Now, given what Madame Justice Elizabeth Bennett has been saying in court during this past week, I think it’s hardly surprising that both the Court – and the defence – are starting, it seems, to take a little umbrage at what the Special Prosecutor and his friends have not been doing since November 14, 2006. Another seven months have passed and we are still picking through the leavings at the bottom of the cage.

You’ll remember that the judgment referred to above also gave the defence access to the RCM Police Project Room (¶ 49 of the judgment) and, that “the Crown will also provide better and more complete indexes of the document(s) that they have disclosed, as well as documents that appear on the not-disclosed list” (¶ 51 of the judgment).

In fact, it was because of this Court-order that the defence became aware of exactly how piecemeal and incomplete disclosure up to Phase 5 had actually been.

Given the record from the court since then, it seems that improvement has been glacial.

The next installment of ‘DISCLOSURE ? – Not Really’ will give the reader an impression of the magnitude of what defence council – and by implication the public – are missing.


Last November the trial judge ruled 'that basic disclosure has not been met.'

Further, Madame Justice Elizabeth Bennett followed up with this order: " is a appropriate in this case to permit defence counsel to accompany the Crown and the police to the Project Room to verify the contents of the documents." (para 49 of judgment)

Nevertheless, just to mention a couple of the things the defence subsequently concluded as a result of their time in the Project Room:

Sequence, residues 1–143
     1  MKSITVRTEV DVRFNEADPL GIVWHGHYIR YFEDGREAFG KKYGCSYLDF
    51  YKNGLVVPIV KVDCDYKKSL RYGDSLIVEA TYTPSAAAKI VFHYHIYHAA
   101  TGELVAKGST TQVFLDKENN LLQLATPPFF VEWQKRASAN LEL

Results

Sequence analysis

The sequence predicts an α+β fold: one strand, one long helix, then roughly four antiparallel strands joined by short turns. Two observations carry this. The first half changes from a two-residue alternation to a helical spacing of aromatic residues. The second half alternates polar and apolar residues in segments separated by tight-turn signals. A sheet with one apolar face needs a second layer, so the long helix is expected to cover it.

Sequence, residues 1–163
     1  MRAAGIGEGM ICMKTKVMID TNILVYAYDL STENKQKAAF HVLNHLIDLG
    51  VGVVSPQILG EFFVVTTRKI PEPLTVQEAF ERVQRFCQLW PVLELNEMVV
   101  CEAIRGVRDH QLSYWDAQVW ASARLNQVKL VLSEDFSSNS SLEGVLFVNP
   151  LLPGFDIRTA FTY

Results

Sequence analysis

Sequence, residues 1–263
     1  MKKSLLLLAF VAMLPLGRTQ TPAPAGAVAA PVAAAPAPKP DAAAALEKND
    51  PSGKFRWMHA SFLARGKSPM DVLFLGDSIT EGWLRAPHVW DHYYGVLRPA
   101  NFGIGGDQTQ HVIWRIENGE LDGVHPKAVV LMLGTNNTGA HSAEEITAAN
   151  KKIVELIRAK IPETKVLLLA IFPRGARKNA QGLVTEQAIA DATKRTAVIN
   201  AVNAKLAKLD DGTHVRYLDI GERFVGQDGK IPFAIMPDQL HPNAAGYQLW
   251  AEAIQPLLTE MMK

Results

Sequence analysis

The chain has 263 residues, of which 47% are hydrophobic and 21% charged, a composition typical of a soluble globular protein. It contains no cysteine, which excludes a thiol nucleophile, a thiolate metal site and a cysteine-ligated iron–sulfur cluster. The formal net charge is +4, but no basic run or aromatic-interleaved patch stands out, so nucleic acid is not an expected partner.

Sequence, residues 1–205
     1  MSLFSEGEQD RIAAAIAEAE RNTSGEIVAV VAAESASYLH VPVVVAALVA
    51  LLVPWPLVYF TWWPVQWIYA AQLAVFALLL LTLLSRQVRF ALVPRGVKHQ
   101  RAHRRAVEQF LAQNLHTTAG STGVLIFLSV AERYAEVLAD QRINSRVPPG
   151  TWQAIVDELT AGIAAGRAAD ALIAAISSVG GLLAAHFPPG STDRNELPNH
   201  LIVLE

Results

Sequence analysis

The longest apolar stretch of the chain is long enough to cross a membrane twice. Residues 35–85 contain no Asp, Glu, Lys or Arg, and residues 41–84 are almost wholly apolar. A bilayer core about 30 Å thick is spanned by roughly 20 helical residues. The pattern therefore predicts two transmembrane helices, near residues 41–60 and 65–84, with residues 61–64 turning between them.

a) Although the Crown told the court all hardcopies of BCRail documents WERE in the project room and that they had twice been reviewed by the Special Prosecutor and/or his staff, however, these and other hard copies of documents "were completely missing from the Project Room..."

b) Despite the fact that defence counsel had repeatedly requested the first and second round bids by the final three proponents for the Freight Division of BCR and the first and second round bids for the Port Subdivision of BCR. [First requested March 15, 2006]

These documents had not yet been provided to the defence as of February 26, 2007.

In fact, the last 120-odd paragraphs of the 32 page Notice of Application for Discovery is literally full of examples of non-compliance, sloppy record-keeping and haphazard indexing, discontinuities between what the Crown has provided or undertaken to provide and statements (especially relative to the notes and records of the investigating officers) that had not been provided at that time and which - given Bill T's and others' reports from the court since April 18 - have still not been provided.

Anyone who has seen the Notice of Application will recognize that I've only mentioned a couple of examples.

The document is FULL of them.

It would not be surprising if the public began to think the reluctance of the Crown to provide full Court-ordered disclosure is somehow related to reticence on the part of government MLAs to even acknowledge some of the factual material that HAS been disclosed in court. In its final session last week, the trial judge sounded as though she may finally be getting ready to issue further orders to the Special Prosecutor. Both the people and the accused can only hope so.

Agreed, Anonymous. And thanks.